Attenuated Virus

The invention includes attenuated viruses having at least one mutation (e.g., substitution, deletion, insertion) at a conserved amino acid residue in the active site of the viral polymerase. Typically, such a modified polymerase includes a substitution of a lysine residue in the active site of the polymerase that is capable of functioning as a general acid catalyst during a phosphoryl transfer step of a nucleotide incorporation to a leucine, histidine, or arginine residue. This lysine residue as well as neighboring conserved amino acid residues are located on helix-O of A-family polymerases, helix P of B-family polymerases, and on a loop of motif D of RNA dependent RNA polymerases (RdRps) and reverse transcriptases (RTs).

Viral RNA-dependent RNA polymerases have a conserved structure. Lys-359 of PV is present in the “palm” subdomain of the enzyme (FIG. 10A) on conserved structural motif D (FIG. 10B), a motif that has been modeled herein for flu (FIG. 10C). The structural homologue in flu to Lys-359 is Lys-481 of the PB1 subunit (FIG. 10C). This residue is found in influenza A, B and C genotypes (FIG. 10D). Together, these observations reinforce the notion that flu can be attenuated by using the polymerase-mechanism-based strategies described herein.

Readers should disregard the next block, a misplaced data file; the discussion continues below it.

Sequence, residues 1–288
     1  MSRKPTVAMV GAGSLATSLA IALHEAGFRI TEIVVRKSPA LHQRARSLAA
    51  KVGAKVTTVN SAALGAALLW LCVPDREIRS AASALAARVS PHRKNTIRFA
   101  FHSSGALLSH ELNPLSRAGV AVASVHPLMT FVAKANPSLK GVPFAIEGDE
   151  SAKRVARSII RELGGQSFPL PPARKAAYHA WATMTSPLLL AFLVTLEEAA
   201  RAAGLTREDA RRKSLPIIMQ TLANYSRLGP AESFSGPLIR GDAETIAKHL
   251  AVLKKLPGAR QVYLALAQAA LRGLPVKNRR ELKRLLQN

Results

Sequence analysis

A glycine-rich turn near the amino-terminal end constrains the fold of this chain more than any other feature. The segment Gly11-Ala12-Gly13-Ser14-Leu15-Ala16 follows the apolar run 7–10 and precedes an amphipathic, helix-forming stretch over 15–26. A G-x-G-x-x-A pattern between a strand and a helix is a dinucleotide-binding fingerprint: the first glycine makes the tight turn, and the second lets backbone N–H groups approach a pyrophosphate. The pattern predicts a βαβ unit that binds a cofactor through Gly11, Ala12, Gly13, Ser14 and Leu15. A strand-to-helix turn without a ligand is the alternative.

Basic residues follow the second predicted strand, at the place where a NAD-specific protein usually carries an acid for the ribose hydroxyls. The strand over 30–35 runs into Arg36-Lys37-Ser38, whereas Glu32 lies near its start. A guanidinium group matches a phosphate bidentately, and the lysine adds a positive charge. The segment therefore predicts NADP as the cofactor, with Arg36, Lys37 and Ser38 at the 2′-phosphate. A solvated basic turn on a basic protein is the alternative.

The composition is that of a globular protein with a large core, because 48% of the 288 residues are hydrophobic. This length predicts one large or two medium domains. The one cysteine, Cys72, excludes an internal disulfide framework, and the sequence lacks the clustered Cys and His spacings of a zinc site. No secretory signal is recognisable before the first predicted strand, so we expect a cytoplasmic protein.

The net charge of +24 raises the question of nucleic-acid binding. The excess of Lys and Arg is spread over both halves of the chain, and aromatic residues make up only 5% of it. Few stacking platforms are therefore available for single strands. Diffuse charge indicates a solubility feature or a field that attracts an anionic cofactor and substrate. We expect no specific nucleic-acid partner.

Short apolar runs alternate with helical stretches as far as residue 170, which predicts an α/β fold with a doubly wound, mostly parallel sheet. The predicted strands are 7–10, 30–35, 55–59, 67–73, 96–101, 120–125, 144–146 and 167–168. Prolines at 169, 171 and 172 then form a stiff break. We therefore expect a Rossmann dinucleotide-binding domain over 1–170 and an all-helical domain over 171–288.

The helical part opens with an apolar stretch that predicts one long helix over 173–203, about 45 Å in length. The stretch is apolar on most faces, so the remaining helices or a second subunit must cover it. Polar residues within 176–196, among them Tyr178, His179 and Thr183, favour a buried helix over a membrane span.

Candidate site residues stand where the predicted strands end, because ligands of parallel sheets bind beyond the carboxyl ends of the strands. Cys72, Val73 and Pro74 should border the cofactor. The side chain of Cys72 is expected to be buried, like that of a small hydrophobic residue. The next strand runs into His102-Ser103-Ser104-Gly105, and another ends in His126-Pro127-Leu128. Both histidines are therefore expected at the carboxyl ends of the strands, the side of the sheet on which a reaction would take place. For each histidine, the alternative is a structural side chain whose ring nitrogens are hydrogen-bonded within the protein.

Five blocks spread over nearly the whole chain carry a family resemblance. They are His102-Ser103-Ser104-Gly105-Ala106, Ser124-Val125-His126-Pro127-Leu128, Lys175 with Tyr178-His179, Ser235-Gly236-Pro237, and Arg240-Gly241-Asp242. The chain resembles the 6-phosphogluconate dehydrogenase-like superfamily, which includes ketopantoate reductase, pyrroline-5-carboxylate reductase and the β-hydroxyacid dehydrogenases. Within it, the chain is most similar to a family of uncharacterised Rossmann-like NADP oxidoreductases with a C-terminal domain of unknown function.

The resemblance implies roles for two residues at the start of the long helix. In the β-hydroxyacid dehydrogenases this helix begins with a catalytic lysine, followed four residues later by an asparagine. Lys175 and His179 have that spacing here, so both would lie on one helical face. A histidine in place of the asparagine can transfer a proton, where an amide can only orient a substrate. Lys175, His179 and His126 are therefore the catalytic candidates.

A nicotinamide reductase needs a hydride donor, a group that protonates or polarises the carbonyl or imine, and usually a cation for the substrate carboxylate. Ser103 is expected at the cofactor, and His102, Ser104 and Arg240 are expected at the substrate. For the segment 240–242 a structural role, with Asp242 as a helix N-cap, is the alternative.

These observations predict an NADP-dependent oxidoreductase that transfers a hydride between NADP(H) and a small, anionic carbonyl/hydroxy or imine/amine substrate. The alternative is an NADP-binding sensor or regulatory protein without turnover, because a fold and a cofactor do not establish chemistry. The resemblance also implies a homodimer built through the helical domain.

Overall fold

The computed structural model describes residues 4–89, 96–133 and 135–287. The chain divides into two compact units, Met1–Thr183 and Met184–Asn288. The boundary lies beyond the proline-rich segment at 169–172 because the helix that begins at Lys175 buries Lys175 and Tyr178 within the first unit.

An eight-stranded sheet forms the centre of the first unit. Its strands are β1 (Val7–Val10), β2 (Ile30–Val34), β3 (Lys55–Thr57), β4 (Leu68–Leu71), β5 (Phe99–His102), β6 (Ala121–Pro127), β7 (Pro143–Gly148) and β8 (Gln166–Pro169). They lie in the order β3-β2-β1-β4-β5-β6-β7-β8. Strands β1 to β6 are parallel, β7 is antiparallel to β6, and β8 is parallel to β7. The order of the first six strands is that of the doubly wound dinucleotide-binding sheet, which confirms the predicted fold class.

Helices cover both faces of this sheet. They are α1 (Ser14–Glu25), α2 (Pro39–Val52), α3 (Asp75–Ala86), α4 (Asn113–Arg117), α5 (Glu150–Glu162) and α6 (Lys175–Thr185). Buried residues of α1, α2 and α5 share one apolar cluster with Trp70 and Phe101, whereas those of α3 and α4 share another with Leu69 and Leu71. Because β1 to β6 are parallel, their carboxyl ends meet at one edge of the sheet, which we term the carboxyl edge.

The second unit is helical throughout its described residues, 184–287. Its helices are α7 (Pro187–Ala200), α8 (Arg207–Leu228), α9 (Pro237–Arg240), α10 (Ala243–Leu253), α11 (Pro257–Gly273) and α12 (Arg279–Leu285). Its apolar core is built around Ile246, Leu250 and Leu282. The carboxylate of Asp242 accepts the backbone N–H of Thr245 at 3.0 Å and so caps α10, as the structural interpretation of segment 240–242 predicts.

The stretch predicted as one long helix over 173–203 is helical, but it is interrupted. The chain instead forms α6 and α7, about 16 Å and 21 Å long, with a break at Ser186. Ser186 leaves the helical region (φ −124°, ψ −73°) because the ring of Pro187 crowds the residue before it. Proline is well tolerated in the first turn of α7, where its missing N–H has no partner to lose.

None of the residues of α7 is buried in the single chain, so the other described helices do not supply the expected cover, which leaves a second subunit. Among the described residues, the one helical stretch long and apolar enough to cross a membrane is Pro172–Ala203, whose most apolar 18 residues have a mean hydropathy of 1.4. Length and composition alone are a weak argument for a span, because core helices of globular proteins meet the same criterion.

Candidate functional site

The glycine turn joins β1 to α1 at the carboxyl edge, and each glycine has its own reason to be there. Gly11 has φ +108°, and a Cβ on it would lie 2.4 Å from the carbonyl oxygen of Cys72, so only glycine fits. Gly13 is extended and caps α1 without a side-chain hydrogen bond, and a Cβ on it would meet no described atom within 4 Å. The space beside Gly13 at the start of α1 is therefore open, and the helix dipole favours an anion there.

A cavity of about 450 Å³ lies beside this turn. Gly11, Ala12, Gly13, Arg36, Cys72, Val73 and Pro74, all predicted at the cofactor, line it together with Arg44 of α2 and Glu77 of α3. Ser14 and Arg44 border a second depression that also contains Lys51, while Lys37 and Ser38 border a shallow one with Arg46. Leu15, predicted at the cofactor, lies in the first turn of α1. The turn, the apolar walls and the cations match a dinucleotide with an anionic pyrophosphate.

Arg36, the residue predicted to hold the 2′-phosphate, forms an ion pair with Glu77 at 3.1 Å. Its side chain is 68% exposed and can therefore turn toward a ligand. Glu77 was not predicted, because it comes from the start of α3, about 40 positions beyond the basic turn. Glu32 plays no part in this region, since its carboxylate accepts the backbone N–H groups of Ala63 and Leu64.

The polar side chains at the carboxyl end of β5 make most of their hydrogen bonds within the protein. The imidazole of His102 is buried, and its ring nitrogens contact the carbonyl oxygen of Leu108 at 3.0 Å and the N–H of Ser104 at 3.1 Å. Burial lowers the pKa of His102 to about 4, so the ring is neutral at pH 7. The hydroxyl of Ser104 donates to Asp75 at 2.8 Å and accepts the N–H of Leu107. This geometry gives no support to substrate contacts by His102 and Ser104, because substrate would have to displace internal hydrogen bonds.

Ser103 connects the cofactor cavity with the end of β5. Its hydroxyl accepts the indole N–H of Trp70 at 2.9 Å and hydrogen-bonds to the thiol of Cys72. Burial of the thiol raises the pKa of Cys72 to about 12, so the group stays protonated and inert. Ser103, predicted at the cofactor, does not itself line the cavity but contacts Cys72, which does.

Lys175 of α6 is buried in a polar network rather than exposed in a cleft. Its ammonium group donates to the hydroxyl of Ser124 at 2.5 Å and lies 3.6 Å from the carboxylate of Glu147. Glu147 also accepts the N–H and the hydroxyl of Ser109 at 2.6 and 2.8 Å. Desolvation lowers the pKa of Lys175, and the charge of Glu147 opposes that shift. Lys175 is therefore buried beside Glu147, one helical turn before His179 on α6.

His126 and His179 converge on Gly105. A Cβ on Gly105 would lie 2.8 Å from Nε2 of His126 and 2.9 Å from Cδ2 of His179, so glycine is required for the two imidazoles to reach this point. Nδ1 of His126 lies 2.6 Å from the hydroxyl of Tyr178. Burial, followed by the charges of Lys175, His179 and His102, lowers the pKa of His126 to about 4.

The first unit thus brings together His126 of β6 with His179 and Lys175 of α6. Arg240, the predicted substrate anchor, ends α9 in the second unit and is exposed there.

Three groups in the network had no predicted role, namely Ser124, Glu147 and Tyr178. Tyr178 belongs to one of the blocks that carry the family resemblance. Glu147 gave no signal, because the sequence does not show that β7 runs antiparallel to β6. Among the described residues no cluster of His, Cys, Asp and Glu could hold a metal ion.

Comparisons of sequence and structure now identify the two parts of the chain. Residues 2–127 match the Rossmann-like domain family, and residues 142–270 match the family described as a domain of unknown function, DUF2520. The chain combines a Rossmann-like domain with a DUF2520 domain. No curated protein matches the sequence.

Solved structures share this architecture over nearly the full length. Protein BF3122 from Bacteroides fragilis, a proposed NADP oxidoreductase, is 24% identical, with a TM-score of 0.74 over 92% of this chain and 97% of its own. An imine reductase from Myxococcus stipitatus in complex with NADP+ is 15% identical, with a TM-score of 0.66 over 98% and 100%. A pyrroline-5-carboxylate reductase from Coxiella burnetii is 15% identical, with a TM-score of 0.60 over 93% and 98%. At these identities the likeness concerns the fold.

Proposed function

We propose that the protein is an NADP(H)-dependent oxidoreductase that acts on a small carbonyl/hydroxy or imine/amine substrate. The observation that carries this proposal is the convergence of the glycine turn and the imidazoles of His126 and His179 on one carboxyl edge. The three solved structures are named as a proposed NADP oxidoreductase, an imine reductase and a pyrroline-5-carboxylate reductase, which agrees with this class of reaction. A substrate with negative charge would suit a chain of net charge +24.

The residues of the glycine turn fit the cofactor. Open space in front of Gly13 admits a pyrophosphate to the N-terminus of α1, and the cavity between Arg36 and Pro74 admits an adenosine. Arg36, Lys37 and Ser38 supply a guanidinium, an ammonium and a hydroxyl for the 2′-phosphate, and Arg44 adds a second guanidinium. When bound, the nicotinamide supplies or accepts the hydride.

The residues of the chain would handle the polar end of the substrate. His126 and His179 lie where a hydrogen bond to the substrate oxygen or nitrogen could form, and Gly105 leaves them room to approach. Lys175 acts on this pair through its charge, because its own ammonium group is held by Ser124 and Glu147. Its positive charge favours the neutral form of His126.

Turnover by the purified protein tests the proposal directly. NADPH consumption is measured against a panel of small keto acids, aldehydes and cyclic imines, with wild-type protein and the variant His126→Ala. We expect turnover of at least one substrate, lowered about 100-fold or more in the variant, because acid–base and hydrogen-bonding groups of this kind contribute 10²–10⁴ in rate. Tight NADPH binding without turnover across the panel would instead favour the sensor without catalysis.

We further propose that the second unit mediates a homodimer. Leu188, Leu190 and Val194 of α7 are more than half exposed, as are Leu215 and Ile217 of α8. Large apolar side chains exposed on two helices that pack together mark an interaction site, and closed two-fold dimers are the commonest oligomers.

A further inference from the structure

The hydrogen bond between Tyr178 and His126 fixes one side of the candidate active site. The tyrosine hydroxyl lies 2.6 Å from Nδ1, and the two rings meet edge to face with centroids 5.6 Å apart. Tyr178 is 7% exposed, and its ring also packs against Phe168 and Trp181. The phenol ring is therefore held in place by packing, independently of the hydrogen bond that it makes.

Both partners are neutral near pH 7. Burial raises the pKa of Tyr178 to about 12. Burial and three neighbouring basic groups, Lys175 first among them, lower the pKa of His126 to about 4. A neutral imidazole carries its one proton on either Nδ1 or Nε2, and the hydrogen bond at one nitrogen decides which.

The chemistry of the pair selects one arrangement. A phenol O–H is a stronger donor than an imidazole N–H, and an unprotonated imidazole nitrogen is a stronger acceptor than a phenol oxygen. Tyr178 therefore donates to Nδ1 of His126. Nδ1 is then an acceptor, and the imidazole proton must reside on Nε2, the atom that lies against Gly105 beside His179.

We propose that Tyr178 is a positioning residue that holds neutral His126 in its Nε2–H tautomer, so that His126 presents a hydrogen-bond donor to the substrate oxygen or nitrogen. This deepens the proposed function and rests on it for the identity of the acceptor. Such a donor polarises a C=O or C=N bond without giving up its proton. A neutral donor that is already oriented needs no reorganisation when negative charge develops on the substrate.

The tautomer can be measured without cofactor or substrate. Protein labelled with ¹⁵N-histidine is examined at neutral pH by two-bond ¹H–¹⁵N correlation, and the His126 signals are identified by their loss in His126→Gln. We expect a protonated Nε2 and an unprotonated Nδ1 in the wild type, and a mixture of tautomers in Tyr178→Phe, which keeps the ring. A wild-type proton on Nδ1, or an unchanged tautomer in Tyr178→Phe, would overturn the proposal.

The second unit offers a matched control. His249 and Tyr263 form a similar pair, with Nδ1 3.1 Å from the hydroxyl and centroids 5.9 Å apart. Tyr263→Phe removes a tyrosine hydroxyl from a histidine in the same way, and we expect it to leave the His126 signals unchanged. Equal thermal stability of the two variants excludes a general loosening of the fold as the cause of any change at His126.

The comparable residue is located on helix O of A-family polymerases, helix P of B-family polymerases and on the loop of structural motif D of RdRps and RTs (Table 6). Many DNA virus polymerases are B-family polymerases, for example herpes viruses and poxviruses, and have this conserved Lys residue. These viruses can also be attenuated by using the polymerase-mechanism-based strategies described herein. In the experiments described below, PV mutant viruses K359R and K359H were found to replicate.